‘Hutong Bubble 218’ sees the restoration and reconstruction of a 305 sqm traditional Qing Dynasty courtyard house – an urban renovation seeking to revitalize Beijing's old neighborhoods that have been confronted with degradation and demolition due to rapid development. The project demonstrates how small-scale, artistic interventions can provide new spaces and programs for these adverse areas – that progress doesn't require large-scale change and construction.
The building originally served as Beijing’s first international hospital for 100+ years, before being converted into a residence for over 20 families. It underwent restructuring multiple times, eventually leading to structural degradation. With declining living standards, it lost its charm, with most households moving out.
MAD’s design introduces several sculptural 'bubbles' onto the site. One connects the first and second floors with a staircase, emerging onto the terrace to function as a meeting space. Another appears as if it has landed on the rooftop. They seem foreign in their context, but their smooth mirrored surfaces reflect the surrounding ancient buildings, trees and sky, blending into the environment, with old and new complementing one another.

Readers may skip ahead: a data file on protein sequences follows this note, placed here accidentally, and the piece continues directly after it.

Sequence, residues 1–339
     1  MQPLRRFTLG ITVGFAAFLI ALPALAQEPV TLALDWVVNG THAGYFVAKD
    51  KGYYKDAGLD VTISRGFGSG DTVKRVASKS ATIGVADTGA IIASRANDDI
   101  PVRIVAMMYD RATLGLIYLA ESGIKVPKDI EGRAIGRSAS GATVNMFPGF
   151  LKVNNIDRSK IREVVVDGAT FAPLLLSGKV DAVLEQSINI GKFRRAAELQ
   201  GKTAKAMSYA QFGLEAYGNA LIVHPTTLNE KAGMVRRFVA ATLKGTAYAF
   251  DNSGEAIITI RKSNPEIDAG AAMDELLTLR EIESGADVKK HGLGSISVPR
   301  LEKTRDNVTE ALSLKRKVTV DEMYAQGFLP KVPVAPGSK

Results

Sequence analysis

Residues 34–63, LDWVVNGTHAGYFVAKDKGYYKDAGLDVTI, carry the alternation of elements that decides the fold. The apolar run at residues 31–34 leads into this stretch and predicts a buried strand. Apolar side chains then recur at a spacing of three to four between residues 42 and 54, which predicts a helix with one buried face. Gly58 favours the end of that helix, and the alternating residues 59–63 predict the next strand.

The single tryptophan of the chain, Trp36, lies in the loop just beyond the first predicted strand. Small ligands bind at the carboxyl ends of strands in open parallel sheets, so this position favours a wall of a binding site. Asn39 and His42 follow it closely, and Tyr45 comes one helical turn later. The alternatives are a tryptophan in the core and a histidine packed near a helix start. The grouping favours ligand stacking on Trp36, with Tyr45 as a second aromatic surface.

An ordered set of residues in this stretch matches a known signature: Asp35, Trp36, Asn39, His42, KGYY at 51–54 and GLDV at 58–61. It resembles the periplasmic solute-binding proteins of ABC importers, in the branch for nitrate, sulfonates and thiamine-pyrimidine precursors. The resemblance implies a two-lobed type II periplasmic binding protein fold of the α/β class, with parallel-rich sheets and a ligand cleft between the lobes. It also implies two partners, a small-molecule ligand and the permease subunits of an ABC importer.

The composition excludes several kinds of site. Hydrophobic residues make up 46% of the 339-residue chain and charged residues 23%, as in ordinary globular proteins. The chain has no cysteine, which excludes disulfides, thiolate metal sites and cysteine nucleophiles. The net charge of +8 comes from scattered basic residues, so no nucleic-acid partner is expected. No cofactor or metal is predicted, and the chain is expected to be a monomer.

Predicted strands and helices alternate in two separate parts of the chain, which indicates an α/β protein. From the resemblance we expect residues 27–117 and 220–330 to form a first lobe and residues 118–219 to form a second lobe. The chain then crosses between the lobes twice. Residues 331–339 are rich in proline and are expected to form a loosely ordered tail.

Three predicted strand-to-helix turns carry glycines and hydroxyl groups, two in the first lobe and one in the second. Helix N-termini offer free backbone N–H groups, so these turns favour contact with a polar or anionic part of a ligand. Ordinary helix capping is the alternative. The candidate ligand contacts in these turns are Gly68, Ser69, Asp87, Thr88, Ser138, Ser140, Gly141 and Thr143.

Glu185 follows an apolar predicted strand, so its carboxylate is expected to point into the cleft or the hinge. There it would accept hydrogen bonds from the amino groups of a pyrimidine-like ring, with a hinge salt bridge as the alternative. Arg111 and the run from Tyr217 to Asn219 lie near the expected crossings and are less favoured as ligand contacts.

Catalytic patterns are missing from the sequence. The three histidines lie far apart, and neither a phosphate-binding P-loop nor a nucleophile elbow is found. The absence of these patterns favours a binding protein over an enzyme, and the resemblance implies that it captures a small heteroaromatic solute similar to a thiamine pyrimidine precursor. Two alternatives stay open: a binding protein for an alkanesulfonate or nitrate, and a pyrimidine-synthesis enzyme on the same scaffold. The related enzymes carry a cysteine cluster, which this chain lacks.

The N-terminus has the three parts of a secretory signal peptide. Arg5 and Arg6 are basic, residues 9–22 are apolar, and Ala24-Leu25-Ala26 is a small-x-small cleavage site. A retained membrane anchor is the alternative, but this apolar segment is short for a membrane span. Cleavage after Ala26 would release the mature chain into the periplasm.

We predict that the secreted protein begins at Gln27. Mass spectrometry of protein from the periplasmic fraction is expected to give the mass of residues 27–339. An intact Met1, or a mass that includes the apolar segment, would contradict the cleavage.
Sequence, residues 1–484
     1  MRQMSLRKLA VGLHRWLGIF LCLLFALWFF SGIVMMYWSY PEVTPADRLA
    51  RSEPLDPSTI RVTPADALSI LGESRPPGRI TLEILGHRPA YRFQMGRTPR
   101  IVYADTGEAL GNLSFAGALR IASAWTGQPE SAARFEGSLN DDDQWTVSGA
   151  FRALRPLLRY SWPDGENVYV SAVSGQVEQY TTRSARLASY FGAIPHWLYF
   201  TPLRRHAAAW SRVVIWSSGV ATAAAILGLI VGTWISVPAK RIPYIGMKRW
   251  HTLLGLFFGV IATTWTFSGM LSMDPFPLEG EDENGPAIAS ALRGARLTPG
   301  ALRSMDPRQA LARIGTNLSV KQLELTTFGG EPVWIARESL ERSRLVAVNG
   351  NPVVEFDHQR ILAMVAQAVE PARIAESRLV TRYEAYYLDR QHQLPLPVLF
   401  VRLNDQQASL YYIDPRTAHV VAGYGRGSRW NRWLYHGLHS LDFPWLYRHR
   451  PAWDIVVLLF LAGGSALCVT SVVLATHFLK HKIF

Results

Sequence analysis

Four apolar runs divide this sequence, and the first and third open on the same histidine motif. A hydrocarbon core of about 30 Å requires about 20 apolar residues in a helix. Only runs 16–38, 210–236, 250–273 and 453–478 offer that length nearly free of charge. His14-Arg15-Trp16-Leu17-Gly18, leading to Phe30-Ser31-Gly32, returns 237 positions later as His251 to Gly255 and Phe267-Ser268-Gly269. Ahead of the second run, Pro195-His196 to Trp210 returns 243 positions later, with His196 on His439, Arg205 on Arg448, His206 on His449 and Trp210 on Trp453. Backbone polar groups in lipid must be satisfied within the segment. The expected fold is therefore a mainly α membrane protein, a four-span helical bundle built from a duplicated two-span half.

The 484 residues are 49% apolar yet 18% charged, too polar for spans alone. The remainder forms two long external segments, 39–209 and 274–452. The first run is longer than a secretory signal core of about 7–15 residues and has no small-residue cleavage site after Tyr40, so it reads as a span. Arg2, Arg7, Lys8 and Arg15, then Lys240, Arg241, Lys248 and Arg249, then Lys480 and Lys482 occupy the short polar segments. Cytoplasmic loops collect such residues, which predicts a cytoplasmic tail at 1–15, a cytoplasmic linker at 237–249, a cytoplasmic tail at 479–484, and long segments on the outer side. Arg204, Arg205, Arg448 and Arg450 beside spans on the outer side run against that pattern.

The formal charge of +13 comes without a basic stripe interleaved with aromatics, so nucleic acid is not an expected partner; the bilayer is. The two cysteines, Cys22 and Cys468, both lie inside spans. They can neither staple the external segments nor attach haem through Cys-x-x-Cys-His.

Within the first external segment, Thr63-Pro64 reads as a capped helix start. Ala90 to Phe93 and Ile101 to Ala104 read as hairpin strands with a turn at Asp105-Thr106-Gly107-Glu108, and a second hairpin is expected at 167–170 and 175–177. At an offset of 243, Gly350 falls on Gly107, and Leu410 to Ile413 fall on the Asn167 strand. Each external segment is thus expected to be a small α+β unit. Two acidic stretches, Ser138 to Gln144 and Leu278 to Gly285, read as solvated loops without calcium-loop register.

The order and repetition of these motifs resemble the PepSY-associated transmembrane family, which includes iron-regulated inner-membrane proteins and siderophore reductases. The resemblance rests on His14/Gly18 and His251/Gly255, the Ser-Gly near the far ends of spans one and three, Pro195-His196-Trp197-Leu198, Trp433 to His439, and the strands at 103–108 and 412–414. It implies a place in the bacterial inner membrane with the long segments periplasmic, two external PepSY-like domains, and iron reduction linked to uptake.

The scheme also conserves the courtyard's original spatial layout, aesthetic and material temperament, restoring it to its original glory; with the wood filigree panels lining it having been stripped of their stains and returned to their original lustre. Glazing along the street front has been replaced with transparent glass, maximizing natural light on the interior. From here, no one suspects the existence of the 'bubbles' beyond.
The project demonstrates how art and architecture can renew a city. Through small-scale interventions, the community is revitalized, attracting new people and programmes back into these once aging, neglected communities, metabolizing the old district and creating a conversation between tradition and the future, nature and humanity, expressed in a freehand artistic way.